The Toyota 222D is Toyota’s forgotten rally supercar, built to dominate Group S and make Group B rally cars look like pussycats.
Everyone’s heard of Group B rally, which boasted monster rally cars that spat flames, and could get to 100km/h faster on dirt that a Formula One car could on the track. It was the mid-1980s series that took WRC from mental to absolutely bonkers.
But I’ll bet few of you have ever heard of Group S. It was what would have taken over from Group B in 1986 and would have turned Group B rally cars right up to 11, making them dirt road supercars. Unfortunately, Group B had been a step too far at the time, and drivers were being killed in just about every other race, one even crashed and died on live television.
So, before it even began, Group S was scrapped and Group A introduced instead, ensuring that WRC cars were closer to their production siblings than Killer Bees had been. Toyota’s Group B Celica was going to be retired in place of the thing you see here, codenamed 222D this was going to be Toyota’s Group S rally supercar.
Approval for the 222D arrived back in 1984, two years before it was expected to begin racing, and the engineers were told it needed to be able to win the World Rally Championship in its first year and “strengthen Toyota’s public perception”.
While the Group B car had been a rear-drive Celica, Group S regs prompted Toyota to switch to a mid-engine layout and all-wheel drive. Fortunately, Toyota had the newly launched MR2 (Midship Runabout 2-seater) just laying around. Instead of seeking out seasoned engineering partners, Toyota kept the development of the 222D totally inhouse to ensure it’s team knew everything it needed to know.
The original idea had been to use the MR2’s 1.6L four-pot but Toyota was also secretly developing the ST165 Celica GT-Four which was going to run a 2.0L turbocharged four-cylinder and get all-wheel drive. It was expected to be launched in 1986. So, that engine and all-wheel drive layout was wedged into the MR2 body along with double wishbone front suspension, five-link independent rear suspension and manual transmission.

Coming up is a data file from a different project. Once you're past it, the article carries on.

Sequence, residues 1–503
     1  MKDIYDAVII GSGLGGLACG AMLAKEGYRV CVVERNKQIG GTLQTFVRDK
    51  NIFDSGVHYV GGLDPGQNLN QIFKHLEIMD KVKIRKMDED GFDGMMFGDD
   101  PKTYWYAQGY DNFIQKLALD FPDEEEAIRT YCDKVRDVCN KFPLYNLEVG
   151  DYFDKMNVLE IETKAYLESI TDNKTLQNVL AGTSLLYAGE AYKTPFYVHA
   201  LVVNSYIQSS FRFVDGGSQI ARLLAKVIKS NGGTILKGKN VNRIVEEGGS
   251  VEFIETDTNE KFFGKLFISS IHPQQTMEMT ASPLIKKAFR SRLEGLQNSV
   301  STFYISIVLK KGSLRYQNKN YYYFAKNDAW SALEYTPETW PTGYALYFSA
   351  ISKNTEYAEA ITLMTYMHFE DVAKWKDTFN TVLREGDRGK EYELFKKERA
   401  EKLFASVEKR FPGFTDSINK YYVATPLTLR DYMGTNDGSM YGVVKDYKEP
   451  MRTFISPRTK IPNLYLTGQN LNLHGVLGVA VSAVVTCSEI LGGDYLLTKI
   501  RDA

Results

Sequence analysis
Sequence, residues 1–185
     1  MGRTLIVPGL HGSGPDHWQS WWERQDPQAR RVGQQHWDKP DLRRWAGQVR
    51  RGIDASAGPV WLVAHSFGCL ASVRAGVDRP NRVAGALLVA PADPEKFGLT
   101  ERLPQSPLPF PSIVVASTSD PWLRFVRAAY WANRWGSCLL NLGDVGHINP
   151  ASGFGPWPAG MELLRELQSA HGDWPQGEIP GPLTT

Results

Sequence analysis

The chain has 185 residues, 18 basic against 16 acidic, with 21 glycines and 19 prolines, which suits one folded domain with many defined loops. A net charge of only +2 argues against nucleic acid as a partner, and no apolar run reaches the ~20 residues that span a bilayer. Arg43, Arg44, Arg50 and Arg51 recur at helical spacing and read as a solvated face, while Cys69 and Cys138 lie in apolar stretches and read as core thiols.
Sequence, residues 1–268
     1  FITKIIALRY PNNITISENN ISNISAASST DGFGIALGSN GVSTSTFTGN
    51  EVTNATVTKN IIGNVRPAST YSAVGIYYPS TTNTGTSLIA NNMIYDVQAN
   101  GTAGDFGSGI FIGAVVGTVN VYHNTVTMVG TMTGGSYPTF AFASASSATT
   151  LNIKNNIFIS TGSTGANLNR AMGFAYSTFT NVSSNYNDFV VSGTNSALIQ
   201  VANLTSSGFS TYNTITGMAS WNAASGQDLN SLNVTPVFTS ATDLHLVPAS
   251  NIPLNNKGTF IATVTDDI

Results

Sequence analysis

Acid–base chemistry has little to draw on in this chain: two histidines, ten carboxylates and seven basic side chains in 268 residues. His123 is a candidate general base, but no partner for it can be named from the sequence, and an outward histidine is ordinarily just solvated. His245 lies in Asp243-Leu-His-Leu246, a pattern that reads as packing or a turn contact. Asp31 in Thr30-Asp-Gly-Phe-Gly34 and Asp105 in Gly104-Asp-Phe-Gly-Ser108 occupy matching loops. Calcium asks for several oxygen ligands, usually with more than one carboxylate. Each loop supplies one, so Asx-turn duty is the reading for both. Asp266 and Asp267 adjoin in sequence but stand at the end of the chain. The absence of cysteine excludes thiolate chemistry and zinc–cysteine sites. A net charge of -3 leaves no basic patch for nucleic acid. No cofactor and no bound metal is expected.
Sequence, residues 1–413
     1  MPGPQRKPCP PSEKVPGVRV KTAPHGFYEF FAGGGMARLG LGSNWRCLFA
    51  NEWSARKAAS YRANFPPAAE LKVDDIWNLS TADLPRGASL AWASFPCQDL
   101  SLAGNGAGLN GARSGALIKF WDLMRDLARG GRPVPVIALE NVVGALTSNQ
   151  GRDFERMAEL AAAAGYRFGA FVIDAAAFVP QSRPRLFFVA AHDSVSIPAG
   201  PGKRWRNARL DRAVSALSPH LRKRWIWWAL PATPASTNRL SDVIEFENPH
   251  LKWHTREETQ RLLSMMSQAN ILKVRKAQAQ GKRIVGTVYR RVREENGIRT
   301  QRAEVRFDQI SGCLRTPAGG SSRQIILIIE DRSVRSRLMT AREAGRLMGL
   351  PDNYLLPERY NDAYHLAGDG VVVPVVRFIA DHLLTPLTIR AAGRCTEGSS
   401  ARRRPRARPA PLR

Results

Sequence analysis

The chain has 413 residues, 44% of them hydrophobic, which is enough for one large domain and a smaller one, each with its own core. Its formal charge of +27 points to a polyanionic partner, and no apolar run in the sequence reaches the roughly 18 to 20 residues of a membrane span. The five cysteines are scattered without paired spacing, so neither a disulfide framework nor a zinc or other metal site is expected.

The first prototype was finished in February 1985, with field testing taking place in both Japan and Europe. Initial testing results prompted a raft of changes to engine placement, suspension stroke, tyre size, and a torque split mechanism that would allow the car to switch between two- and four-wheel drive. Clever.
The car was expected to be ready to rock by December 1985, but with 1985 proving to be a truly tragic year for Group B with a number of drivers dying during the season, Group S was scrapped. Things had got out of hand, the FIA suggested, and rules were rushed through to limit performance and ensure rally cars were closer to production vehicles.
So the 222D was abandoned. Sigh. Toyota was forced to continue racing its old Celica and Supra and turn its attention to the ST165 Celica GT-Four, the spiritual grandfather of the new GR Yaris. It entered Group A racing in 1988 in the fifth round of that year’s WRC, Tour de Corse. It’s first victory didn’t come until the following year at Rally Australia.
So, what happened to the 222D? Well, only two prototypes exist, a white one and a black one, one’s in Germany at Toyota Motorsport GmbH in Cologne, and the other’s in Japan.
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